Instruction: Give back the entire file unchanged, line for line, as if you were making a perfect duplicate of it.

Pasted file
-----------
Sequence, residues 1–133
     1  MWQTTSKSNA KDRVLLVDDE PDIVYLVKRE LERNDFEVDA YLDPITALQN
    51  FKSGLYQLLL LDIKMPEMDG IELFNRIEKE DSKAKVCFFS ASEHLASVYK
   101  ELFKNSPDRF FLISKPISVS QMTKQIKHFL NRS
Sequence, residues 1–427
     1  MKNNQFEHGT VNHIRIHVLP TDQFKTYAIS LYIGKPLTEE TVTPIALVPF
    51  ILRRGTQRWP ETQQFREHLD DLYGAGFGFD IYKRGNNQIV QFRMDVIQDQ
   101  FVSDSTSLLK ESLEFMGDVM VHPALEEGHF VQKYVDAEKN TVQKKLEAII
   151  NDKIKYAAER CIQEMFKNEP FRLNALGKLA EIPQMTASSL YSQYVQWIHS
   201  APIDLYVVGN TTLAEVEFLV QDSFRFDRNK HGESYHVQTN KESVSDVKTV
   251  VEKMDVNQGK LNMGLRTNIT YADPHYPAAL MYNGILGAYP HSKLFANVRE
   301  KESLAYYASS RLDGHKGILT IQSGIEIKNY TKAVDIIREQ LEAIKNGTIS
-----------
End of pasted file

Sequence, residues 1–133
     1  MWQTTSKSNA KDRVLLVDDE PDIVYLVKRE LERNDFEVDA YLDPITALQN
    51  FKSGLYQLLL LDIKMPEMDG IELFNRIEKE DSKAKVCFFS ASEHLASVYK
   101  ELFKNSPDRF FLISKPISVS QMTKQIKHFL NRS
Sequence, residues 1–427
     1  MKNNQFEHGT VNHIRIHVLP TDQFKTYAIS LYIGKPLTEE TVTPIALVPF
    51  ILRRGTQRWP ETQQFREHLD DLYGAGFGFD IYKRGNNQIV QFRMDVIQDQ
   101  FVSDSTSLLK ESLEFMGDVM VHPALEEGHF VQKYVDAEKN TVQKKLEAII
   151  NDKIKYAAER CIQEMFKNEP FRLNALGKLA EIPQMTASSL YSQYVQWIHS
   201  APIDLYVVGN TTLAEVEFLV QDSFRFDRNK HGESYHVQTN KESVSDVKTV
   251  VEKMDVNQGK LNMGLRTNIT YADPHYPAAL MYNGILGAYP HSKLFANVRE
   301  KESLAYYASS RLDGHKGILT IQSGIEIKNY TKAVDIIREQ LEAIKNGTIS